Plans are underway in this province to mark the bicentennial of the War of 1812 , in which hundreds of Royal Newfoundland Regiment soldiers died defending Canada.
The United States declared war on Great Britain on June 18, 1812 over mounting frustrations with trade restrictions, including Great Britain’s order-in-council that required even neutral American vessels destined for continental ports to first stop in England.
Even more frustrating was Britain’s practice of stopping American ships on the high seas, removing American sailors thought to be English subjects, and “impressing them into the Royal Navy” for service at sea in the war against France, says bicentennial committee chairman James Lynch.
While the Royal Newfoundland Regiment of Fencible Infantry fought in most major battles in the war, Lynch said people know little about their contribution.
Soldiers died on land and at sea, he said. Many perished in prison camps in Ohio and Kentucky.
Some members of the regiment remained in Upper and Lower Canada after the war, making it impossible to say for certain how many died in battle, Lynch said.
Because of the Newfoundlanders’ extensive experience as both soldiers and sailors, he said, more than half of the regiment was posted to Kingston, Upper Canada, for service aboard ship. The remainder were assigned to detachments at Quebec, Prescott, Fort George and Fort York on the Niagara Peninsula.
Newfoundlanders fought and died defending these ports. Many were noted for their bravery and courage, Lynch said.
Newfoundlanders were also sent to Fort Mackinac, where they helped stop an attack by the Americans and helped capture two American ships, the Tigress and the Scorpion.
“They rowed downstream and under the cover of darkness were able to board and overcome the surprised defenders ... both vessels were returned to Mackinac as prizes of war,” Lynch said.
The history of the Royal Newfoundland Regiment dates to 1795 when Maj. Thomas Skinner of the Royal Engineers formed the unit on April 25.
The regiment was disbanded after the cessation of hostilities with France marked by the signing of the Treaty of Amiens in 1802. The unit was reformed by Brig.-Gen. John Skerrett in 1803 as the Royal Newfoundland Regiment of Fencible Infantry which was eventually disbanded after the War of 1812 ended in 1814.
According to Lynch, the Newfoundlanders were instrumental in helping to defend Canada from successive American attacks.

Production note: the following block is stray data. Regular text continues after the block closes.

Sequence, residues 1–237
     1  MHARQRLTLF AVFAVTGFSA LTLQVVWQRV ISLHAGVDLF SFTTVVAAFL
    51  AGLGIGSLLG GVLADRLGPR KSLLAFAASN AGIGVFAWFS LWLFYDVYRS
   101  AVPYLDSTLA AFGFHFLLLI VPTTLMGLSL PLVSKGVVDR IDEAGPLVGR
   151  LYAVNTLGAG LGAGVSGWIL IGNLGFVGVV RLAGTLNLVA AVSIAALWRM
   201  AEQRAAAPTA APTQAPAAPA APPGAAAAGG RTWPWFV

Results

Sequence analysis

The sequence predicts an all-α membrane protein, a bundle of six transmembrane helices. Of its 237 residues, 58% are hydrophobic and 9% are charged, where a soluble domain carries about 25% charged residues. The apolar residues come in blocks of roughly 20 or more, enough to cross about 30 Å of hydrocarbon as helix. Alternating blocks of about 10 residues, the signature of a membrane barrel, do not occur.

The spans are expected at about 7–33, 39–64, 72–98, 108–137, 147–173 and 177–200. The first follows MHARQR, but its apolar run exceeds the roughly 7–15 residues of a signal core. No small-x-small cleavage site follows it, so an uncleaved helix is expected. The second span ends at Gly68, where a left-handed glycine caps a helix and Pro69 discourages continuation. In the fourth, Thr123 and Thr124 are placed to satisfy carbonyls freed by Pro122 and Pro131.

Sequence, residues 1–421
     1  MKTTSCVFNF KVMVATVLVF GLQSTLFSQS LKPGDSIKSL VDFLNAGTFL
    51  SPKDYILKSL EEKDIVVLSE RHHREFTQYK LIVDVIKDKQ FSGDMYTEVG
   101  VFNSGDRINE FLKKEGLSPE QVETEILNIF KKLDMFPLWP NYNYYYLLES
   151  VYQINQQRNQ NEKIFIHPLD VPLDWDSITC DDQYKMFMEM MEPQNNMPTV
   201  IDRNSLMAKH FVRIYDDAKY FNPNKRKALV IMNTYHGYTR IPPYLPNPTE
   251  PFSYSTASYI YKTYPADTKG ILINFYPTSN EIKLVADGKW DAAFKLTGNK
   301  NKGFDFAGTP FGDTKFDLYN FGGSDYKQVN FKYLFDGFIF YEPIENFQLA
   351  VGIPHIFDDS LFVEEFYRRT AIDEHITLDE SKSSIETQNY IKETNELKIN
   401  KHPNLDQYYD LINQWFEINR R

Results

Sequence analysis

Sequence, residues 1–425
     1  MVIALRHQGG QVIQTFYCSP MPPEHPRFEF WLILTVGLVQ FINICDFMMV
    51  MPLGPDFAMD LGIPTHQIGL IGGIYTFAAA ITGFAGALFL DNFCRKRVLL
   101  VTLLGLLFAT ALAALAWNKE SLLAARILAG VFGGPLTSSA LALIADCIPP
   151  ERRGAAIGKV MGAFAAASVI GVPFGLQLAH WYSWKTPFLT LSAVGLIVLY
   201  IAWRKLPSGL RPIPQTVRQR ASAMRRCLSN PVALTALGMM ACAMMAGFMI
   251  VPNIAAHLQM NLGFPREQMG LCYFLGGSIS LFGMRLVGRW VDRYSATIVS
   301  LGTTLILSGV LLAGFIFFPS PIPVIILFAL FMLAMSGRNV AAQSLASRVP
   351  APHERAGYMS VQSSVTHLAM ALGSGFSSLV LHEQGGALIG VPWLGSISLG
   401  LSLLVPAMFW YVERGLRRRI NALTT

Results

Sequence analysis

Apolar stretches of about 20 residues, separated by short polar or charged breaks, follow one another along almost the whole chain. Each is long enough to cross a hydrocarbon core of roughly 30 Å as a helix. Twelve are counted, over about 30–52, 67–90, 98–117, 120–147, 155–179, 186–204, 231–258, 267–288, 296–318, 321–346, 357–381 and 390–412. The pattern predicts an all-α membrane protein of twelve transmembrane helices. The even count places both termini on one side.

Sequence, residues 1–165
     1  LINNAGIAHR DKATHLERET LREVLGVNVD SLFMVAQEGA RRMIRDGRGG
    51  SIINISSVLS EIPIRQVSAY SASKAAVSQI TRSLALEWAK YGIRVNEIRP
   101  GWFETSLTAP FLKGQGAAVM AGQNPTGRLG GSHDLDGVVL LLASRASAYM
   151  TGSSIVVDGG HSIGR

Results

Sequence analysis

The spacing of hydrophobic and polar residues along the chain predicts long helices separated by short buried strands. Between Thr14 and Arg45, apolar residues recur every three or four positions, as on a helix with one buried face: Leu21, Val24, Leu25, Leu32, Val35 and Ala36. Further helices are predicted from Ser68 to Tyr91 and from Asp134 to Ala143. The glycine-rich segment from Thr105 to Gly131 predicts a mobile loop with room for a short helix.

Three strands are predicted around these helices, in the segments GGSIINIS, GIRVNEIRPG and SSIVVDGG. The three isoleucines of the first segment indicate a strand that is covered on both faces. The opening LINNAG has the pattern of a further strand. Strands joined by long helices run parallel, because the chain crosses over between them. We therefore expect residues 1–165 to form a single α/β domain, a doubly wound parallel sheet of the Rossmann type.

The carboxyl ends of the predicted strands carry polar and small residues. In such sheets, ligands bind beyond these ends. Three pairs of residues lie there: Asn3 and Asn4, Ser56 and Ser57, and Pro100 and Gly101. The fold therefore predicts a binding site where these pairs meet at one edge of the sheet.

A story in The Evening Telegram on Oct. 13, 1934 headlined “When Newfoundland’s men defended Canada” told how fishermen dropped their nets and donned uniforms to defend the Dominion on a 2,000-mile frontier over a century ago.
The story described the men as part of “a valiant regiment which served and suffered at almost every engagement on both land and water during the bitter struggle of the war of 1812-14.”
Local author and historian David Parsons feels the events to take place in 2012 will help educate people about the regiment’s role in the war.
“Maybe, we might even get the battle honour that the regiment should have for their part in the War of 1812,” he said.
Lynch has been trying for almost a decade to have the federal government recognize and honour the regiment for its contribution to the war, as was the case with other British and Canadian regiments.
He has been told that the Department of National Defence cannot issue a battle honour retroactively unless it can be shown that the regiment was supposed to receive one at the time.
That didn’t happen, Lynch said, because the regiment was disbanded after the war.
The Royal Newfoundland Regiment Advisory Council set up the bicentennial committee, which has partnered with Parks Canada’s Newfoundland Division to secure funding from the federal government to host events in 2012.
Projects range from raising a 25-soldier volunteer Royal Newfoundland Regiment of Fencible Infantry to perform at various events throughout the province to inviting 1812 regiments from across Canada and the United States to a grand encampment on Signal Hill to encouraging adults to participate in a week-long animation program from the 1812 era.
There will also be parades, commemorative pins and awards for high school students who base their heritage fair submissions on the regiment’s role in the war.
Lynch said application has also been made to the provincial Department of Tourism for recognition of the regiment under the Historic Commemorations Program.
All projects, hinge on funding.
Royal Newfoundland Regiment Lt.-Col. Alex Brennan is optimistic that next year’s events will reach many people.
“The problem with remembrance is that we tend to forget … but before we know where we are going we have to look at where we’ve come from,” he said.